1) Cleveland Museum of Art It’s not every day you get to commune with creative masters like Renoir, Monet, Dali and Picasso for free. A cultural anchor of the University Circle district, this powerhouse museum underwent a massive $350 million expansion-renovation which was completed in 2013. The Gallery One interactive learning center holds touch screens called “lenses” where you can access information about the diverse collections, imitate a sculpture pose or create a virtual painting. And because you’re not paying anything for admission, you can justify a meal at Provenance—the locally sourced, globally inspired food on the plates rivals the art on the walls. (216) 421-7350; clevelandart.org
Cleveland Museum of Art. Photo courtesy of Larry E. Highbaugh Jr.
2) West Side Market This century-old foodie paradise is Cleveland’s oldest public marketplace. Back in the day, Polish and Italian immigrants flocked here to find food products of their homelands. Today, more than 100 booths and stalls teem with vendors and artisan producers selling everything from soup to nuts. The pierogis here make an excellent lunch, if you haven’t already filled up on all the free samples. (216) 664-3387; westsidemarket.org
West Side Market. Photo courtesy of Larry E. Highbaugh Jr.
3) Amish Country Bucolic scenery, home-cooked goodies and handmade crafts make the 40-mile drive east to Geauga County’s Amish Country worthwhile. Exploring this territory feels like stepping back in time. A self-guided driving tour cruises past Amish businesses, restaurants and bed-and-breakfasts; plan on frequent stops to browse rustic wares at the shops and pick up some penny candy at the End of the Commons, a general store that’s been around since 1840. (440) 632-1538; tourgeauga.com
4) Happy Dog At this casual Cleveland dining institution, $6 scores you a quarter-pound hot dog with as many toppings as you can load on. The list of 50 options ranges from basic ketchup and mustard to offbeat additions like chipotle hollandaise sauce, vegetable chow mein, bourbon baked beans and even housemade chunky peanut butter. We recommend forking over an extra $3 for a side of tater tots. Wash it all down with a cold beer and stick around for live music in the evenings. Three words—polka happy hour! (216) 651-9474; happydogcleveland.com
Happy Dog. Photo courtesy of www.positivelycleveland.com/Scott Meivogel.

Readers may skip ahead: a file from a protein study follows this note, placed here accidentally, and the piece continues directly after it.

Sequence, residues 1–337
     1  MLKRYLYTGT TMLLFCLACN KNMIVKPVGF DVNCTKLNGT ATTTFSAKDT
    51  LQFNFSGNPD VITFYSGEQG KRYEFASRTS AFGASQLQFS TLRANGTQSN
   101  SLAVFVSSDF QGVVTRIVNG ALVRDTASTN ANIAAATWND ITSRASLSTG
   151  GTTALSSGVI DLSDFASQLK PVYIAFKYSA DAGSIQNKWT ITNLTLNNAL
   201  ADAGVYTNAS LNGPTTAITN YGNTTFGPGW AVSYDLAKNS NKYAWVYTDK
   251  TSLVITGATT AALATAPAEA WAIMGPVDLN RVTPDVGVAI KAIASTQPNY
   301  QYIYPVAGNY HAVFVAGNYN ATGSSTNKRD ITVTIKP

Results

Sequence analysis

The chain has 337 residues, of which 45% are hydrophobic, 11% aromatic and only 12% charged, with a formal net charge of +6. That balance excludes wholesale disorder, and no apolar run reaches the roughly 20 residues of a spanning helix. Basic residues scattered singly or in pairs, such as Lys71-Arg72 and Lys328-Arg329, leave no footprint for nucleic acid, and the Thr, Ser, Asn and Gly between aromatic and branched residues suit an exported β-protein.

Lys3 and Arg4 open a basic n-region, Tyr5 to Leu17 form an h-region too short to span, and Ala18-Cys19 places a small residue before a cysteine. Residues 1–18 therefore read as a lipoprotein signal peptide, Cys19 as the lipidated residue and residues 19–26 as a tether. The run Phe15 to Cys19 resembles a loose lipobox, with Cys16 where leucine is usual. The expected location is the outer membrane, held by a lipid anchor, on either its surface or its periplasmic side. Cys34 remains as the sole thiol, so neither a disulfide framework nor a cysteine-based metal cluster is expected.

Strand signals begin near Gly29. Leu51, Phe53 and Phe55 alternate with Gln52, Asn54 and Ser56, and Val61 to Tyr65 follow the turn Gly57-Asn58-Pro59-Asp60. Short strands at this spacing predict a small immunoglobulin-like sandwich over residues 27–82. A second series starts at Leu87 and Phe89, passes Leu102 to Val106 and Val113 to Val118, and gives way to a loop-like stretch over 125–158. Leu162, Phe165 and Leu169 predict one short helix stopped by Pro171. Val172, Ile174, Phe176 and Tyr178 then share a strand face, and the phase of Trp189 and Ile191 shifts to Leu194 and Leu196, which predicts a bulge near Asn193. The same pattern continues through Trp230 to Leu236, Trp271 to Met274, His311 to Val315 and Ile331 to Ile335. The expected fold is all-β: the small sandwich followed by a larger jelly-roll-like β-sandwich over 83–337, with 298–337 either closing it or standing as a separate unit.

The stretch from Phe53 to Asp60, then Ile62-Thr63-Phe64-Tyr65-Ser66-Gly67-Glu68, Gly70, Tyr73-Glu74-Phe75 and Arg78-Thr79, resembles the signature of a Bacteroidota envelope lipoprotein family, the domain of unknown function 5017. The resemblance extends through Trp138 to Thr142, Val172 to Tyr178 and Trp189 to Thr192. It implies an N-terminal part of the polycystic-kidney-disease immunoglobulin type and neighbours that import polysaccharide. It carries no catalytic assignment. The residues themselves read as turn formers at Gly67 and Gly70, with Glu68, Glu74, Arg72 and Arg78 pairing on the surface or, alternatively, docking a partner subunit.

5) Third Fridays at West 78th Street Studios On Cleveland’s west side, the 1905 building formerly known as American Greetings Creative Studios now holds an enclave of artists working in a gamut of styles and media. Among the 40 or so tenants, you’ll find not only the expected array of painters and sculptors but also music studios, auctioneers, a clothing line and an architectural design firm. Check them all out for free on the third Friday of each month during an indoor gallery crawl complete with live entertainment, great food and a pop-up market. (440) 503-5506; 78thstreetstudios.com
6) Lakeview Cemetery Lakeview is so scenic that it feels more like a sculpture garden than a final resting place. Founded in 1869, this 285-acre property bordering University Circle was inspired by counterparts in France and Victorian England. Famous people buried here include U.S. President James A. Garfield, John D. Rockefeller and Elliot Ness. From the highest spots, you’ll catch great views of Lake Erie and the downtown Cleveland skyline. (216) 421-2665; lakeviewcemetery.com
7) Mama Santa’s Celebrating Cleveland’s rich Italian heritage, Mama Santa’s dishes up old-world Sicilian favorites and to-die-for pizzas. A local tradition since 1961, this family-run eatery makes all the pastas, sauces and dough from scratch using traditional Italian recipes. Spaghetti, ravioli, cannelloni, manicotti, fettuccini, rigatoni—mamma mia! Best of all? A steaming bowl of pasta or a large pizza with a couple toppings will set you back only about $10. (216) 231-9567; mamasantas.com
8) Wade Oval Wednesdays The sound of music is even sweeter when it’s free. Pack a picnic and head to University Circle on Wednesday nights during the summer for concerts on Wade Oval. Or hang out in the beer and wine garden with a cold beverage and a great view of the stage. Check the website for the performance schedule. Bonus: Neighborhood cultural attractions like the Cleveland Museum of Art and the Cleveland Botanical Garden stay open late during these family-friendly evenings. (216) 791-3900; universitycircle.org
9) Rockefeller Park Greenhouse This stunning four-seasons garden spot is a breath of fresh air any time of year. Created to grow and supply plants for landscaping Cleveland’s public parks and gardens, the 1-acre facility now also welcomes the public. Displays include all sorts of flora, including cacti and roses, and the outdoor “talking garden” is a thoughtful feature for the visually impaired. (216) 664-3103; https://www.facebook.com/RockefellerGreenhouse
10) Cleveland Airport Marriott This renovated westside hotel is ideal for travelers who want amenities at a reasonable rate. Staffers go the extra mile to make sure you’re comfortable, and touches of luxury include details like hardwood flooring, plush bedding and granite countertops. Plus, downtown attractions and restaurants are just a quick drive away. (216) 252-5333; marriott.com